Now that the war seems to be over ('seems' being the operative word) we can freely continue to soul search about the results, the casualties and the long-term implications. Although the consensus in Israel was that, having exhausted all other possible channels, invading Gaza was our only choice to stop the rocket fire on civilians, there were not a few voices that urged restraint and retreat all throughout the military campaign. Most notable among them are Gideon Levy, a journalist for Haaaretz who's life mission has been to bring Palestinian suffering to Israeli public attention, and David Grossman, a well-known Israeli writer whose voice carries extra weight as the bereaved father of a soldier killed in the second Lebanon War of 2006. I believe that the strength of our democracy lies in enabling these very often unpopular voices to be heard in the most prominent of public forums and to generate constant discussion on the nature and values of the Jewish state. I use them to check myself by always keeping an ear open to the anti-consensus. Sometimes I find myself agreeing with them, but not this time.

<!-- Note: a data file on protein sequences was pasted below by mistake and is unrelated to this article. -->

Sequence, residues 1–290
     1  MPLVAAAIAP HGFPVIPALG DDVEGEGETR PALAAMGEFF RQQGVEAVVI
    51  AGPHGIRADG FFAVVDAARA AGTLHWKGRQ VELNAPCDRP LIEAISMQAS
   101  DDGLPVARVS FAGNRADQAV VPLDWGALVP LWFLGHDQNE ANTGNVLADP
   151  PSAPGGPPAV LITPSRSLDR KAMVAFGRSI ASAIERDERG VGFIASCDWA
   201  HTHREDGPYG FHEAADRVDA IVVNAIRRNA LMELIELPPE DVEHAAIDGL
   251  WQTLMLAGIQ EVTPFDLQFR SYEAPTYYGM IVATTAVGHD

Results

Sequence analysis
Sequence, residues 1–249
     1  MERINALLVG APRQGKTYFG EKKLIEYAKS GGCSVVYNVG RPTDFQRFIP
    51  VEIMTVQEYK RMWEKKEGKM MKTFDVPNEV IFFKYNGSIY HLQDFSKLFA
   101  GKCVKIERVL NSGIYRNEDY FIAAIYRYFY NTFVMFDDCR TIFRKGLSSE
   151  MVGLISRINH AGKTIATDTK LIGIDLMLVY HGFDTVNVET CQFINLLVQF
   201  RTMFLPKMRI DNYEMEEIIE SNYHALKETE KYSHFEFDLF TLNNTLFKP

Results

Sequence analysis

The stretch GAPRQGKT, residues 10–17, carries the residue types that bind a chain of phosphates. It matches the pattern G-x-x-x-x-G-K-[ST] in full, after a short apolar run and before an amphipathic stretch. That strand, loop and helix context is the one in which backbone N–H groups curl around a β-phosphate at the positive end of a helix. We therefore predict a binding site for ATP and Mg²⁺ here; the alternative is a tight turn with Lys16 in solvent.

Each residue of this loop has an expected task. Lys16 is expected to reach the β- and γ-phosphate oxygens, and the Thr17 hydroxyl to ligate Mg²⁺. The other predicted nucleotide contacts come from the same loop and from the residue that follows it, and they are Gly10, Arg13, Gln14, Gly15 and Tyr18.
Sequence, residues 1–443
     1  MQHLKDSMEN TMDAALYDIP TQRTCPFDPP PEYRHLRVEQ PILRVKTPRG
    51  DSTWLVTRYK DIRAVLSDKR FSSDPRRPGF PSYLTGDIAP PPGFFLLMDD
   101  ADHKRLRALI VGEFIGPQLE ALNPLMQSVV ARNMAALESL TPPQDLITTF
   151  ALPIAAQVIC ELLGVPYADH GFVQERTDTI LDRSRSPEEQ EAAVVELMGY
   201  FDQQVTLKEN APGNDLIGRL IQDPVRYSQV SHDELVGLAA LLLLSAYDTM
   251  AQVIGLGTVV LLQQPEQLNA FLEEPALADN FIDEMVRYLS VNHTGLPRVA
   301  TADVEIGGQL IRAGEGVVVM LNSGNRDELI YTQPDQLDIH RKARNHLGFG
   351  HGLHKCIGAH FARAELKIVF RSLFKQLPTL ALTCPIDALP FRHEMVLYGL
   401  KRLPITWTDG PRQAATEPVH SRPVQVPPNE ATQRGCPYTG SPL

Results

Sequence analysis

Try this metaphor: a child from a liberal, well-educated, humanistic family that eats organic food, recyles and donates regularly to charity gets beaten up on a regular basis by a gang of thugs at school. Together with his parents, the kid devises strategies to convince them to leave him alone: hanging out with cool kids on the playground, organizing school-wide soccer competitions and talking to the principal, but nothing works. Day after day the kid is cornered by the gang and knocked around, until he's had enough. They next time they surround him, he puts up his dukes just like they taught him in kung fu class and beats the shit out of every one of them. They never bother him again. The moral of the story? Sometimes you have to play by their rules.

But we're still agonizing. Shoot and weep. Here are a few facts to ease the conscience:

-Haaretz reported: " a doctor at Gaza'a Shifa Hospital told an Italian journalist that the number of Palestinians killed in Gaza during Operation Cast Lead might have been 500 or 600, mostly young men between the ages of 17 and 23...The doctor said he was surprised that aid groups reported the numbers without confirming them...It is enough to visit a few hospitals to understand that the numbers don't jive." Previous reports were of over 1300 Palestinians killed, many women and children among them. It is important to note that the IDF chose to ban journalists from Gaza during the fighting, ostensibly for fear of their safety, more likely because they didn't want them in the way. Hopefully the lesson has been learned.